How drones could help the fight against pandemics

Research involving UND is testing three ways drones can help reduce viral spread

Image courtesy of SkySkopes, Inc.

The University of North Dakota’s Center for Innovation and Research Institute for Autonomous Systems (RIAS) are partnering in a coalition of unmanned aerial system (UAS) industry leaders to develop new mission sets against future pandemics.

Flight tests operated by Grand Forks-based drone service provider SkySkopes are underway in Grand Forks County to test the abilities of drones to spray disinfectants, deliver priority supplies, and sense body temperatures remotely.

North Dakota State University is also on-board with the project, providing an aircraft originally developed for agricultural spraying applications.

“I have not seen a partnership like this before, and we have a mission set like I’ve never seen before,” said Matt Dunlevy, President and CEO of SkySkopes.

Coordinated response

Amy Whitney

Amy Whitney, director of the Center for Innovation at UND, said the purpose of the mission is to test each application – spray, deliver and sense – individually, as well as measure the aggregate impact of all three as a coordinated emergency response to a pandemic. The project has been made possible through the Center for Innovation’s Dahl, Melroe and Nash faculty entrepreneur research fund.

“We’re in a crisis where we’re having to make behavioral changes,” Whitney said. “Autonomous systems can help us accomplish daily life tasks in a way that helps protect public and individual health, while also bringing resources to locations where movement is restricted.

“In addition, the technology can help us identify hazards in the environment that we may not be able to see with our own eyes, much like the spread of COVID-19.”

Good news

In the “Good News” portion of his daily COVID-19 response briefing on April 21, North Dakota Gov. Doug Burgum gave a high-profile shout-out to UND, SkySkopes and their collaborators for the high-tech approach.

“They have got some ideas about how UAVs might help spray water and disinfectant to stop and kill the virus and understand how drones might deliver medical supplies or they could also be used in trying to detect health issues,” Burgum said. “Those are some great examples and some great innovations of how UAS can be used in a health component.”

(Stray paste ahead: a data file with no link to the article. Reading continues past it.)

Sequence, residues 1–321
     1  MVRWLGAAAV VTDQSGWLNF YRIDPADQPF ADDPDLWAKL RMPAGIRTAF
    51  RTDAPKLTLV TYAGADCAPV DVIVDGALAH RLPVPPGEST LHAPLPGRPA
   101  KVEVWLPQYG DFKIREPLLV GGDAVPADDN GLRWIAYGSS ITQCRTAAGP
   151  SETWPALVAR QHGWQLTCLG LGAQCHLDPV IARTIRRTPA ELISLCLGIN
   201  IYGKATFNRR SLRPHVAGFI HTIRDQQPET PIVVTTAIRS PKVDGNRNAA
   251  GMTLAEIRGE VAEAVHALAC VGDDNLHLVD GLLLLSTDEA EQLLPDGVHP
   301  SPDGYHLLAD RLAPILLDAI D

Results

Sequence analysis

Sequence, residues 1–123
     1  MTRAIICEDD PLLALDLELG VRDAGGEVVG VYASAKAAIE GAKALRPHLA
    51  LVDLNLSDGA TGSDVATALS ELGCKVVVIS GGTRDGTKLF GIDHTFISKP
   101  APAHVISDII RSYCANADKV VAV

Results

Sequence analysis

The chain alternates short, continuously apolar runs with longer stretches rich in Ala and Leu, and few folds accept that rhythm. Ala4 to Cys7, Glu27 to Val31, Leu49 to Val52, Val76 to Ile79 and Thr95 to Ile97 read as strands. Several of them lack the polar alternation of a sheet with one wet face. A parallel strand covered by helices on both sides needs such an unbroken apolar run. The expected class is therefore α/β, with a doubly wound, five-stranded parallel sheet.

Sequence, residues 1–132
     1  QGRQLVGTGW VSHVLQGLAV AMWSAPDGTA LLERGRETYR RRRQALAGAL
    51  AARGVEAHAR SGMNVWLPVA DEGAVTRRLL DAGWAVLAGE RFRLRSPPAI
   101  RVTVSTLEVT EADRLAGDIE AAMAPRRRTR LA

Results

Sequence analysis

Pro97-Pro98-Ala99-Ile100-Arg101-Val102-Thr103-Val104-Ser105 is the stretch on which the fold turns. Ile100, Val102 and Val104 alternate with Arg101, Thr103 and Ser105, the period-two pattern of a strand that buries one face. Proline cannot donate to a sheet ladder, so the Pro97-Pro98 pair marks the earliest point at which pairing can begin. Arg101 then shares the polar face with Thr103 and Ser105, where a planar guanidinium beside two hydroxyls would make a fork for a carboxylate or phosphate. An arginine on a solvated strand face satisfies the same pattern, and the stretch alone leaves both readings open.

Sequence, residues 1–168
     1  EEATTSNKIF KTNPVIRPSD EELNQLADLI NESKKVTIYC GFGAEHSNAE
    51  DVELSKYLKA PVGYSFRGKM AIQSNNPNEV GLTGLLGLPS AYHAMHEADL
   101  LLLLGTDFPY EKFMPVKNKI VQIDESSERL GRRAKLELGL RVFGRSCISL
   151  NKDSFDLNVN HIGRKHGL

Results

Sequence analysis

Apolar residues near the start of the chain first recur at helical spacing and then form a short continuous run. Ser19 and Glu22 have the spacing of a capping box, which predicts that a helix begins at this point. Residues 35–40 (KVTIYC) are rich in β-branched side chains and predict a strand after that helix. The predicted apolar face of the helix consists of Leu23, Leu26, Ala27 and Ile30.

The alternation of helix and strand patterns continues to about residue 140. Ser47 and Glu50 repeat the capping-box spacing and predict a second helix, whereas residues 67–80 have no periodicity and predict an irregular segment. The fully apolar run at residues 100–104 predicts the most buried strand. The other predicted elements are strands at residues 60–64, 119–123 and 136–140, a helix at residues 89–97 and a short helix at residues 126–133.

The governor lauded the private-public innovation as a big reason why North Dakota is a leader in the UAS industry.

Benefitting communities

Mark Askelson

Executive Director of RIAS, Mark Askelson, drew attention to the fact that, while flights for upcoming tests will be taking place within line of sight in accordance with Federal Aviation Administration (FAA) regulations, the use of HUBNet’s detect-and-avoid technology can enhance the safety of operating multiple aircraft in the same airspace. The continual construction of a safety case for drones’ use on a broad scale is crucial for the UAS industry.

Askelson remarked that if spraying is proven to be effective against viral outbreaks, and drones can also be used to retrieve and deliver crucial medical supplies, autonomous systems could “completely change the game” for public health by lowering the risk of spreading infections.

During testing, a drone equipped with a sprayer will test dispensing non-toxic substances such as soapy water and other generic disinfectants at low altitudes.

“We’re learning how we can do these things to benefit a community in a pandemic like this, but also we’re learning more about how to create safer airspace for these advanced systems,” Askelson said. “This would help us understand how we might use these technologies to really make a difference.

“We are very fortunate to be in a place where we have the ecosystem, leadership and partnerships that we need to work problems like this.”

Coordinated Mission Set

Matt Dunlevy

Matt Dunlevy

Whitney said the endeavor allows UND and the Grand Forks region to continue its leadership in the UAS industry sector. As the business incubator that helped SkySkopes grow into a global drone service provider, the Center for Innovation is also interested in business opportunities that can positively impact public health in the long term, including establishing a statewide network for drone flight.

“This demonstration enables us to explore coordination of UAS missions in response to a crisis,” said Askelson. “Such coordination could prove extremely valuable in future pandemics.”

“We hope we are able to show that UAS are another tool in the toolbox for the country,” Dunlevy said. “And I think that if we do find something, it’s fitting that it comes out of the state of North Dakota.”